Reduced price! Saint Joseph with Child wood carved - natural View larger

Saint Joseph with Child wood carved - natural

New product

20,93 €

-30%

29,90 €

Add to wishlist

Similar or related products / variants






More info

Saint Joseph with Child Sculpted in Baroque Design Hand carved Wooden Figurines; The Catholic Church remembers St. Joseph on March 19 with a solemnity named after him; if March 19 falls on a Sunday, the feast is moved to the following day; also, in years when March 19 falls in Holy Week, the celebration is brought forward to the Saturday before Palm Sunday (for example, in 2008 the solemnity was celebrated on March 15). In some places, such as the Vatican and Canton Ticino, but not in Italy, it is a feast of obligation. The first to celebrate it were the Benedictine monks in 1030, followed by the Servants of Mary in 1324 and the Franciscans in 1399. It was finally promoted by Popes Sixths IV and Pius V and made mandatory in 1621 by Gregory XV. Until 1977, the day on which the Catholic Church celebrates St. Joseph was considered a public holiday in Italy, even for civil purposes, but with law n. 54 of March 5, 1977 this recognition was abolished and since then March 19 became a weekday. In Canton Ticino, in other cantons of Switzerland and in some provinces of Spain, this day is considered a holiday for civil effects. In Italy some bills have been presented (2008), to the House and Senate, for the restoration of festivities suppressed for civil effects (St. Joseph, Ascension, Corpus Christi, Saints Peter and Paul and Pentecost Monday).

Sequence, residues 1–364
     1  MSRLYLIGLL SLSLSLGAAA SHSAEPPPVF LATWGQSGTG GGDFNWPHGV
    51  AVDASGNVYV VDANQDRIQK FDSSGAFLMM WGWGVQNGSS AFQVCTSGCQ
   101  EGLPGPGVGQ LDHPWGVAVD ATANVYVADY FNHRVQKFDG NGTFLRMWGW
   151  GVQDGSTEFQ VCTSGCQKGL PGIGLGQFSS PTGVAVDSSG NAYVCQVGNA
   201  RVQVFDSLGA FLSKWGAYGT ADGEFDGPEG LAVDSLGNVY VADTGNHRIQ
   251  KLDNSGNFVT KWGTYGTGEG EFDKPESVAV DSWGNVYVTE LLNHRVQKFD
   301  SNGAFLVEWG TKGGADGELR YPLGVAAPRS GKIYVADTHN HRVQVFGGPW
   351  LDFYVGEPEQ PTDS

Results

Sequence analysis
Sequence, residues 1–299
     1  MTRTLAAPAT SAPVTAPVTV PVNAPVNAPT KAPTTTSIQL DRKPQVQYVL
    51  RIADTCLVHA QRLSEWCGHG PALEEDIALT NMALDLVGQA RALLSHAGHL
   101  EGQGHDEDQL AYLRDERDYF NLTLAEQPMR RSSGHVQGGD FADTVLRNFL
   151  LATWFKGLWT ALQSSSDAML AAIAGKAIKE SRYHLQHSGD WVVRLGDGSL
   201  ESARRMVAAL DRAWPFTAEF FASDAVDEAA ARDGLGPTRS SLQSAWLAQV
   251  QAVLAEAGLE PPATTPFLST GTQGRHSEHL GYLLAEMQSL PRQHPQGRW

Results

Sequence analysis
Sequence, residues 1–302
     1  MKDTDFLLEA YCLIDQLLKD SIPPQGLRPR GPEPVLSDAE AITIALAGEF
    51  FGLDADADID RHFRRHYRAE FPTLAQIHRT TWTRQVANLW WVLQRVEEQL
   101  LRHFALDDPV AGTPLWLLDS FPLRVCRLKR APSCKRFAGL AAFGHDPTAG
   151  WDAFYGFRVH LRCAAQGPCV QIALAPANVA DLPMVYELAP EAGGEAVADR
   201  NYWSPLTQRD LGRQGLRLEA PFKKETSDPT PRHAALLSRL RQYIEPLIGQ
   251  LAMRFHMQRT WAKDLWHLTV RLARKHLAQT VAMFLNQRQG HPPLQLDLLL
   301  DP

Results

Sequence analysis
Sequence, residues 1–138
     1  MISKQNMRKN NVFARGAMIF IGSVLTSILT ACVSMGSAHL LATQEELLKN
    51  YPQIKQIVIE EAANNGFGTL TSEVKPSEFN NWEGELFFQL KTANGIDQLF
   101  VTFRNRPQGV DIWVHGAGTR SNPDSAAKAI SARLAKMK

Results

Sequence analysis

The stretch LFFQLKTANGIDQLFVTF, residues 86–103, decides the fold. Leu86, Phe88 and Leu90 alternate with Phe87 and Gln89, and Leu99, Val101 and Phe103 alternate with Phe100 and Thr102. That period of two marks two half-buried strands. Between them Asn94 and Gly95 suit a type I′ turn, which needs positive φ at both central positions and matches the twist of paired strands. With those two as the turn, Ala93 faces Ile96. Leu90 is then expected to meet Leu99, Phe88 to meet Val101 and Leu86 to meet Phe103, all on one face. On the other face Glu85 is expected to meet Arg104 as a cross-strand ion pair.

Another feast was that of the "Marriage of the Blessed Virgin Mary with Saint Joseph" begun in France in 1517, adopted by the Franciscans in 1537, promoted in particular by Saint Gaspar Bertoni, celebrated on January 23. The Holy Nuptial Ring of the Madonna would be preserved, according to the traditions, in the Cathedral of Perugia.

Pius IX in 1847 instead extended to the whole Church the feast of the Patronage of St. Joseph, already celebrated in Rome since 1478: it was celebrated on the third Sunday after Easter and was later moved to the third Wednesday after Easter. It was finally replaced in 1955 by Pope Pius XII with the feast of "St. Joseph the Craftsman", assigned to May 1, so that the feast of labor could be fully shared by Catholic workers.

In some places was celebrated, on February 17, "the Flight into Egypt", still preserved in the particular calendar of the Catholic Church in Egypt, while the Copts remember it on June 1.